The court heard that an alarm, specifically designed to prevent this happening, had been disabled.
The jib of the truck loader crane hit a live 20,000 volt overhead power line at one of the council depots.
The incident, on 19 February 2010, happened after the wagon was unloaded and the crane jib was left in the raised position. The overhead line was brought down to the ground. Despite the dangers, no one was hurt.
Bedlington Magistrates' Court heard the investigation by the Health and Safety Executive (HSE) found that the alarm had been disabled. HSE told the court the driver had never used the Stakeford Depot, in East View, Choppington, before and as there were only small warning signs for the overhead power line, he was not aware the line spanned that section of the site.
Inspectors found that, apart from two small warning signs, there were no safety precautions in the area around the overhead line. HSE guidance suggests avoiding working near overhead power lines whenever possible, but if not avoidable then measures such as goalposts, clear zones beneath the line, designated vehicle sites and large warning signs should be used.
HSE inspector Sally Brecken said after the hearing: "Direct contact with electrical equipment at such high voltages is very likely to lead to fatal injuries through either electric shock or burns. This was a narrow escape that could have easily been avoided.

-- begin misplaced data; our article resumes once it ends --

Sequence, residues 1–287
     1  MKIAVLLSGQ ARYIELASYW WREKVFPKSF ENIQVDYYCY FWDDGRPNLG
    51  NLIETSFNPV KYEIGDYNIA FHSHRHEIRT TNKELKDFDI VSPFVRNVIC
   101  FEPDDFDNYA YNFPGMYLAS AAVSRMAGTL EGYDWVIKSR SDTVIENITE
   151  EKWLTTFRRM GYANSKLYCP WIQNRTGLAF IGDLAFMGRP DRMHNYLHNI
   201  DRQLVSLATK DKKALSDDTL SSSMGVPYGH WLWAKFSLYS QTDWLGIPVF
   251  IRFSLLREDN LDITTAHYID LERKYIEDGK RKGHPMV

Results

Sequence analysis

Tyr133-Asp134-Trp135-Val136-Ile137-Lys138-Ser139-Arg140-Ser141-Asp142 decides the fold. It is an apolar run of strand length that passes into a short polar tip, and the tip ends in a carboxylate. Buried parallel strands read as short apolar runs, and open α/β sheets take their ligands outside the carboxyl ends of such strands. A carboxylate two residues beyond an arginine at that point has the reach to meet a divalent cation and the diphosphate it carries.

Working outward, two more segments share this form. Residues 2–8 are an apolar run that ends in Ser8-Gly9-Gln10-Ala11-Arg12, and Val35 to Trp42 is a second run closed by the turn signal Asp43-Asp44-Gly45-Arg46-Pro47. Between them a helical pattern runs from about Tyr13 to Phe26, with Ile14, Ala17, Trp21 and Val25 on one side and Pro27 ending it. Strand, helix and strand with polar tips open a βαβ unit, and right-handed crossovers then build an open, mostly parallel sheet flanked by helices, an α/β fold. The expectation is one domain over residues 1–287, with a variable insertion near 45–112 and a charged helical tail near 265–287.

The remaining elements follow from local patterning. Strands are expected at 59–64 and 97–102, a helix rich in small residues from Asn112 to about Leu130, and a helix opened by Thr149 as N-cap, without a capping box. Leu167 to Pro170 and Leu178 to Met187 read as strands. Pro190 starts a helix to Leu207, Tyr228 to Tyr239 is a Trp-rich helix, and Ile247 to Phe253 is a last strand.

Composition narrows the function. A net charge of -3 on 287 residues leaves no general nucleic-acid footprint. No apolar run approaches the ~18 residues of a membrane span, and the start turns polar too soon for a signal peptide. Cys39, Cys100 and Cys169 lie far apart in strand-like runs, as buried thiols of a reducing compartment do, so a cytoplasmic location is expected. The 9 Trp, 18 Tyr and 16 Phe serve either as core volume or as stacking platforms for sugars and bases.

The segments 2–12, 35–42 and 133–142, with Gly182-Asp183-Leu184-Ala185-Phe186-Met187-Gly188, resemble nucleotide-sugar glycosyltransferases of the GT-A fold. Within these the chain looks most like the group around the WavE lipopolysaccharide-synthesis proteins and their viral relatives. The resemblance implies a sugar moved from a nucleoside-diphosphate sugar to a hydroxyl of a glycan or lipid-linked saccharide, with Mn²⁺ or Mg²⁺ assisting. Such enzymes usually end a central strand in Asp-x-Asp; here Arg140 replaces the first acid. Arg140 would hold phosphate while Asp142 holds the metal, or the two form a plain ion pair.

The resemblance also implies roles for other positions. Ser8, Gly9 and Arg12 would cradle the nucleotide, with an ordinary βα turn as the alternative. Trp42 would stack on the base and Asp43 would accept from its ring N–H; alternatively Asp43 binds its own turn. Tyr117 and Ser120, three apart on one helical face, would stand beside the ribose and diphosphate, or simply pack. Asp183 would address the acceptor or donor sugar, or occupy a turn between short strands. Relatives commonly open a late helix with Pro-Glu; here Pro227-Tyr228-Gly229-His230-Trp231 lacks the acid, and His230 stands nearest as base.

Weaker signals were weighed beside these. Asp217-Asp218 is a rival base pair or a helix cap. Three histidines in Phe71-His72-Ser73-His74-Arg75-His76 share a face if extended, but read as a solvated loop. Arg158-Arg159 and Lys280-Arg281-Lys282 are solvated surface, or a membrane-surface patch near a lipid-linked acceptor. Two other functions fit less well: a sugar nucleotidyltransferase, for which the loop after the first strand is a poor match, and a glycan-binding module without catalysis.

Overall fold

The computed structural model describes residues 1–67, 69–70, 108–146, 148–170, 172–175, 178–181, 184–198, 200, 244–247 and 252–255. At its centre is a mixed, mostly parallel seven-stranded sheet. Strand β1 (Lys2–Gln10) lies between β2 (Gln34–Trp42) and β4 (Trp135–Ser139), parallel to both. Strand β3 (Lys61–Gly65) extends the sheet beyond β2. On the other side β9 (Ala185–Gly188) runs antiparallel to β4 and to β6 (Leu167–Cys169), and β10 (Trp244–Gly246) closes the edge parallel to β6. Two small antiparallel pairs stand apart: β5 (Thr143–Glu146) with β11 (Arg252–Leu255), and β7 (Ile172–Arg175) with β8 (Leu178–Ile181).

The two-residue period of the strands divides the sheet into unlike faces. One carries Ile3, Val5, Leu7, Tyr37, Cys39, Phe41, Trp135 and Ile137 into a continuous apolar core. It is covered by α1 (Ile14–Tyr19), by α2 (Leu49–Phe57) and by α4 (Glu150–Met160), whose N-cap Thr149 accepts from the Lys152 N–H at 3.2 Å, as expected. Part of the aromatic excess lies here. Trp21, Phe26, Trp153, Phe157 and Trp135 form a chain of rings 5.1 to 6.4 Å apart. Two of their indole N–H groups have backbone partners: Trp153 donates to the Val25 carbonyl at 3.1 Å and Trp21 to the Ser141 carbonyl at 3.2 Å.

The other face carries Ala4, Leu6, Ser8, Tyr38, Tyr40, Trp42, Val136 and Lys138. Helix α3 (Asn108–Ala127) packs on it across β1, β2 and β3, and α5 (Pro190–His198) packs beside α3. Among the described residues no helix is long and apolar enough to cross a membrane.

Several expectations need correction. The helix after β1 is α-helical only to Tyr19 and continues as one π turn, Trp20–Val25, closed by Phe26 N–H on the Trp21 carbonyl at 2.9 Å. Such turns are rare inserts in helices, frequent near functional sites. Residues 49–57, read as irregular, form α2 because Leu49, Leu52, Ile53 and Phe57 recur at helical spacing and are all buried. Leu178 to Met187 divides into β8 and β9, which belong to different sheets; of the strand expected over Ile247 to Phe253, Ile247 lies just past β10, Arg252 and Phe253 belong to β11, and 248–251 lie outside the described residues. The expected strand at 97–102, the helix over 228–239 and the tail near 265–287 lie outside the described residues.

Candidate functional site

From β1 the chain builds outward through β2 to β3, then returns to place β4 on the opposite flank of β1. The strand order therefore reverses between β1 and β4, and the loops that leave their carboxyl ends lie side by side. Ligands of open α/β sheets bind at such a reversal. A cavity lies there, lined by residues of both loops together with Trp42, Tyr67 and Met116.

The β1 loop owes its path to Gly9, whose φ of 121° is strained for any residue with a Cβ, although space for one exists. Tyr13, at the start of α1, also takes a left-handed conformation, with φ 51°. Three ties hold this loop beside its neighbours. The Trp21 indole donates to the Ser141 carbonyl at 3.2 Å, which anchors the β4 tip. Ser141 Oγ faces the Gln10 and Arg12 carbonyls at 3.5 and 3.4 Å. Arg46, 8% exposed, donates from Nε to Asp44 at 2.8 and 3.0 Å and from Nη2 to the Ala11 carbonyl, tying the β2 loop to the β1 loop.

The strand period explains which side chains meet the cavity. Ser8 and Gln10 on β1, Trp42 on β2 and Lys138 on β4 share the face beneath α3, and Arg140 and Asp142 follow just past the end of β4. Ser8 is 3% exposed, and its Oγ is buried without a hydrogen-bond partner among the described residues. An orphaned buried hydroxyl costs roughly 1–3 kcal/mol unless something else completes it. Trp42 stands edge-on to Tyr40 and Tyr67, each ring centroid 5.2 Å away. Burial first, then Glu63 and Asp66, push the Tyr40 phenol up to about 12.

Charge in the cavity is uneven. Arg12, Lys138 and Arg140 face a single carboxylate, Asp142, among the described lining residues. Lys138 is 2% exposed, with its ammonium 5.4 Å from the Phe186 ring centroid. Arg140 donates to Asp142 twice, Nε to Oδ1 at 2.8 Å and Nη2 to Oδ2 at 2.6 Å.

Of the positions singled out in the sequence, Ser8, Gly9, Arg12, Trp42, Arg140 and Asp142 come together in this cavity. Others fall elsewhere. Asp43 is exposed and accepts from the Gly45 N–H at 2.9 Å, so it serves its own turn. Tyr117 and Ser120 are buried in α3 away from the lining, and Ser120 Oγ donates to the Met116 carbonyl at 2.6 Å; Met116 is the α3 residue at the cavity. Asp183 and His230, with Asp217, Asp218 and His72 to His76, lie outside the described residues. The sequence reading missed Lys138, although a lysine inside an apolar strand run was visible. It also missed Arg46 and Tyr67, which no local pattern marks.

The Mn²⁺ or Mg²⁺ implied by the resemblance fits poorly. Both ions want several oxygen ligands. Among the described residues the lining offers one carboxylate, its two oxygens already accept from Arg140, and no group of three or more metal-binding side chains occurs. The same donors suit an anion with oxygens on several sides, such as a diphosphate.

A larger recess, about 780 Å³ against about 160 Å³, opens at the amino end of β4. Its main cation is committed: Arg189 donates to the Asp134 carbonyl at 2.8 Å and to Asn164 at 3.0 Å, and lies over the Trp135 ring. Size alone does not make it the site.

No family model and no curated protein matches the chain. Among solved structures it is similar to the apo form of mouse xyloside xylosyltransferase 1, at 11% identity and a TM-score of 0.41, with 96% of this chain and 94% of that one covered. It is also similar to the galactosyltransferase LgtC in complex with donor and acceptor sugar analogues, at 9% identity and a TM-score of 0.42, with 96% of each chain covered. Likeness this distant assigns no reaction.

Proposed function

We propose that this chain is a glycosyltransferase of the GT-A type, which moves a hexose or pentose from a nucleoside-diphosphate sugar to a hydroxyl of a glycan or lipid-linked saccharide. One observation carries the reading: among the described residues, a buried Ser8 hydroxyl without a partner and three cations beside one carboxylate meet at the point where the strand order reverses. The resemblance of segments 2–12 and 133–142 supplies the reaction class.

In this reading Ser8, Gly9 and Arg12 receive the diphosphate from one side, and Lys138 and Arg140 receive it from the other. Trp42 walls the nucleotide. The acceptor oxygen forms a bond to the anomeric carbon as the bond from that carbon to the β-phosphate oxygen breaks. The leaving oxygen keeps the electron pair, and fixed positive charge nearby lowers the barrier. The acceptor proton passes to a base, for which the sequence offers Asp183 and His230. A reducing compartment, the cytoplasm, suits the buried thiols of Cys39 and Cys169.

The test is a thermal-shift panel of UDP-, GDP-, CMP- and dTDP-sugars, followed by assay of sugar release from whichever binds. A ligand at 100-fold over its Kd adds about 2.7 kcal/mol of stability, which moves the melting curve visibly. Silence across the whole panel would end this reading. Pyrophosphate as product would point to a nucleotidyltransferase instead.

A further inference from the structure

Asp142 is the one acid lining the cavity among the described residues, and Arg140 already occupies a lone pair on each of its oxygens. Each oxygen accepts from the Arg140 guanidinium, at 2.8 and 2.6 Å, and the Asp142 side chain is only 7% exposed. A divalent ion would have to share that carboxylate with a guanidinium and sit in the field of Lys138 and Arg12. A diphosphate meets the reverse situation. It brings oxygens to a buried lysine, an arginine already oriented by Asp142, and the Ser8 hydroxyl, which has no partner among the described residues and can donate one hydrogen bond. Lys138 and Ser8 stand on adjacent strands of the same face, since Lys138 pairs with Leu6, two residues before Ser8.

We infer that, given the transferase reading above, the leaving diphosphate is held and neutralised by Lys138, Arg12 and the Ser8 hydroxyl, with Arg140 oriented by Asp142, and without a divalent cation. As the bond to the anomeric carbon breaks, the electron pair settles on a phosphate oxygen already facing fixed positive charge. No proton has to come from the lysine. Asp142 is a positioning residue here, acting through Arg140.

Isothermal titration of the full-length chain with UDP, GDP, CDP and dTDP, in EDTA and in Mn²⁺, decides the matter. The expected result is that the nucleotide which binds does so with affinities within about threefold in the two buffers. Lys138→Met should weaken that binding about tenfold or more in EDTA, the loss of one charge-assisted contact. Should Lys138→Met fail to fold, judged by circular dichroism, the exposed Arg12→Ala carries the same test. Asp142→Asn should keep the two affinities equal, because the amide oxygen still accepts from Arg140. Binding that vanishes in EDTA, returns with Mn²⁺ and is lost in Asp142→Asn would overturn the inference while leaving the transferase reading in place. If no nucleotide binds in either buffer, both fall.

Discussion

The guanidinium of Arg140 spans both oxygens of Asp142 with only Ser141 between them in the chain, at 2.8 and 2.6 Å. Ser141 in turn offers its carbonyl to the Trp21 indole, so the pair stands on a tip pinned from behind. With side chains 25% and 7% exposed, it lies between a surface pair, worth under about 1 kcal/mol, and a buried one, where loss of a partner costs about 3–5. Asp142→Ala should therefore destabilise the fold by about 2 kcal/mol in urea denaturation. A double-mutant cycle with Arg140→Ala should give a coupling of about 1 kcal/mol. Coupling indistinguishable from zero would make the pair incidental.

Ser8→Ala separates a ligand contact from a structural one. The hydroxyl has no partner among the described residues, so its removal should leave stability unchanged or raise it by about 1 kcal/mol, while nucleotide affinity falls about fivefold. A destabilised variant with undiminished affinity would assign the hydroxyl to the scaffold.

"If the alarm on the crane had been functioning the driver would have been aware the crane was still raised before driving off and if suitable control measures around the overhead power line had been in place, the driver would have known about it.
"The first consideration should always to be to avoid working near overhead power lines and in this instance it was possible for them to be relocated, which has since been done as Northumberland County Council has re-routed the power line underground around the perimeter of the depot."
Northumberland County Council pleaded guilty of one breach of Regulation 4(3) of the Electricity at Work Regulations 1989 and was fined £13,400. It was also ordered to pay £8,364.50 costs.